I have argued in The Coming of the Son of Man (91-94) and frequently on this blog that in Jesus’ teaching the Greek word geenna, which is usually erroneously translated “hell”, signifies not a general “place” of punishment of sinners after death but divine punishment of Jerusalem by means of military invasion.
The argument is quite straightforward: Jesus believed that in the absence of national repentance his people faced the destruction of war (cf. Matt. 22:7; Lk. 21:20); Jeremiah warned the inhabitants of Jerusalem that because of the evil that they had done in the sight of the Lord they would fall by the sword when the Babylonians invaded, and the bodies of the dead would be thrown into the Valley of the Sons of Hinnom (Jer. 7:32-34; 19:10-11); Josephus later describes how during the Roman siege the Jews were compelled to throw the dead over the walls of the city into the surrounding valleys for lack of space to bury them (Jos. War 5.12.3); so it seems highly likely that Jesus intended to make the same point. I think the argument is exegetically sound and makes a lot of sense as part of a narrative-historical reading of the New Testament.
Mitchell Powell, however, asks a pertinent question: “who is the earliest recorded reader of the New Testament you know of to advocate such a view?” Well, I have to say that to the best of my knowledge it appears to be very much a minority position.
The commentaries generally note that the valley was a place defiled by the practice of human sacrifice which became a rubbish dump where fires continually burned, though the last point has recently been contested. Nolland concludes: “it is not difficult to understand that Gehenna could become an image for the place of God’s judgment.”1 But I don’t think I’ve come across the particular connection that we have in Jeremiah with the besieging of Jerusalem. It seems to be widely agreed amongst mainstream scholars that Jesus is speaking of the final judgment of humanity. If anyone knows otherwise, I would love to hear about it.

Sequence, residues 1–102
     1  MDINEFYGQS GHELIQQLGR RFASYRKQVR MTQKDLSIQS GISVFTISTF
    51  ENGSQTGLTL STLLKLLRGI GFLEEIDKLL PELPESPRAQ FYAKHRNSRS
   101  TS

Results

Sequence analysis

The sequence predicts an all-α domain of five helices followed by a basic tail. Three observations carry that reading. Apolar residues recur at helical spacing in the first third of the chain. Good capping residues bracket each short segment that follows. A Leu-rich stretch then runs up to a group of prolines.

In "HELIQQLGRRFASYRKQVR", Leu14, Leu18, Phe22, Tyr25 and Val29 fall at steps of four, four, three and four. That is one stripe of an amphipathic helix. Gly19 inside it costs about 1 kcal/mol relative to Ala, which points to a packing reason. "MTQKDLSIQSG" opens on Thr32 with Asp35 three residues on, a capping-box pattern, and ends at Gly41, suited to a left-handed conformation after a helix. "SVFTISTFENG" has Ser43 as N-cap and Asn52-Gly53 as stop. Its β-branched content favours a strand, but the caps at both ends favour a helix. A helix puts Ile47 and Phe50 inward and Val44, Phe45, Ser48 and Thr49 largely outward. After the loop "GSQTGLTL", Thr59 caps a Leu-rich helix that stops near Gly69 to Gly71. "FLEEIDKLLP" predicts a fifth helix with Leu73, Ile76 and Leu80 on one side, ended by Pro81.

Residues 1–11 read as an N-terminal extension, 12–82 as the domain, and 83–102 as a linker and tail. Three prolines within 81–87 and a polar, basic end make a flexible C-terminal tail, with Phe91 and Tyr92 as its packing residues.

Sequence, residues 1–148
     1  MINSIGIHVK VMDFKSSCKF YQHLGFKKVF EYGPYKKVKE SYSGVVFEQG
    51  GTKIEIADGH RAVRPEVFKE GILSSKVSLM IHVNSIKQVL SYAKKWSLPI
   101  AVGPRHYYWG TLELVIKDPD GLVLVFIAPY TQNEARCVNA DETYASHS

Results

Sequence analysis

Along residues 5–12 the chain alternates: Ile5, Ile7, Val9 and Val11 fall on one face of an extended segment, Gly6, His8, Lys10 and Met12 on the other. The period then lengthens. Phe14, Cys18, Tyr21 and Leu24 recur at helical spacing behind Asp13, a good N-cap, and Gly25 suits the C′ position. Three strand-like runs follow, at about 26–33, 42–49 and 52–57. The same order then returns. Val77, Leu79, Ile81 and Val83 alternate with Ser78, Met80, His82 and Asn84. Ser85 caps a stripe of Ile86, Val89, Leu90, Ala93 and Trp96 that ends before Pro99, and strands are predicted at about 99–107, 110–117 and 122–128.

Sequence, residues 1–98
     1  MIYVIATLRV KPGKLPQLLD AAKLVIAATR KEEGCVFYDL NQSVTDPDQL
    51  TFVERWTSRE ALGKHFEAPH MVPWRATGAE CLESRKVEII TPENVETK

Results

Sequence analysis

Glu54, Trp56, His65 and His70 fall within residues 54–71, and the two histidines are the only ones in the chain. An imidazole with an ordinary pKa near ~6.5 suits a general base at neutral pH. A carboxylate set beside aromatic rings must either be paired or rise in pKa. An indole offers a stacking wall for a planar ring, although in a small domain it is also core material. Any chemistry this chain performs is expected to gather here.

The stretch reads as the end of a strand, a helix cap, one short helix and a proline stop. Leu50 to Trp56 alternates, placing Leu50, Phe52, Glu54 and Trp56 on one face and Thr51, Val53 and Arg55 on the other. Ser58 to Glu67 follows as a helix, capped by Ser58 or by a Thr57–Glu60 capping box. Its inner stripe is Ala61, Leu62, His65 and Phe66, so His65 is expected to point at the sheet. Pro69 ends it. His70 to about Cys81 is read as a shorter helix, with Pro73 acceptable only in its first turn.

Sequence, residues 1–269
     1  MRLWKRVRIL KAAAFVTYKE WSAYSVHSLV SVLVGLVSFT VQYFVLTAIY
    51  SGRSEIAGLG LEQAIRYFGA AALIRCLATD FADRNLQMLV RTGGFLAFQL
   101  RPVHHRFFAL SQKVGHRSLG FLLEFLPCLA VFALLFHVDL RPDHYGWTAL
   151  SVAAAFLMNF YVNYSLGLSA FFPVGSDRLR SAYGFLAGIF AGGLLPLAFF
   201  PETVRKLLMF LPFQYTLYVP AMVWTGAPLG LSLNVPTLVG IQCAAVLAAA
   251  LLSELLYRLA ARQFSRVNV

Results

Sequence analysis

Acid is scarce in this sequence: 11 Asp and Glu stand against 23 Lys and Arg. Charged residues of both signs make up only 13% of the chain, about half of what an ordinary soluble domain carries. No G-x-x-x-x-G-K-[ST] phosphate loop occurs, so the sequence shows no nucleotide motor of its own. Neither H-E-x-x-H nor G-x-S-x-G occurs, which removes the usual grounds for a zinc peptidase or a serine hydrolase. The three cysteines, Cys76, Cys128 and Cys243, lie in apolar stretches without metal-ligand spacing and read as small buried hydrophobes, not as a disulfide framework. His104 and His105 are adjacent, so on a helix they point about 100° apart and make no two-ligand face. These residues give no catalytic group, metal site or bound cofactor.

The argument can be found, however, more or less, in Wright’s Jesus and the Victory of God. He hints in this direction when he quotes Mark 9:43-49 and then says: “The judgment was coming upon ‘this generation’, now caught in the act of rejecting the final messenger who had been sent to call it back to obedience” (330). But a couple of footnotes make the point explicit. First, he says with reference to Jeremiah 7 that the passage “goes on to warn that the valley of Hinnom (= ‘Gehenna’) will become a mass grave” (419). Secondly, he makes this hesitant and not entirely transparent observation:
The extent to which [Gehenna] is used in the gospels metaphorically for an entirely non-physical place of torment, and the extent to which, in its metaphorical use, it retains the sense of a physical conflagration such as might accompany the destruction of Jerusalem by enemy forces, ought not to be decided in advance of a full study of Jesus’ meaning. (454-55)
I see no reason for the hesitation. I think that Jesus used the language of geenna only metonymically to speak of the horrors of military invasion and the destruction of the city.
So my view is not entirely without precedent, though I’m pretty sure that I had not come across those footnotes in Jesus and the Victory of God when I wrote The Coming of the Son of Man. But I could be wrong.
[I have recently discovered that Brad Jerzak presents more or less the same reading of the Gehenna tradition in the Gospels in his book Her Gates Will Never Be Shut: Hope, Hell, and the New Jerusalem (2009), chapter 3.]
- 1J. Nolland, Luke 9:21-18:34, 678).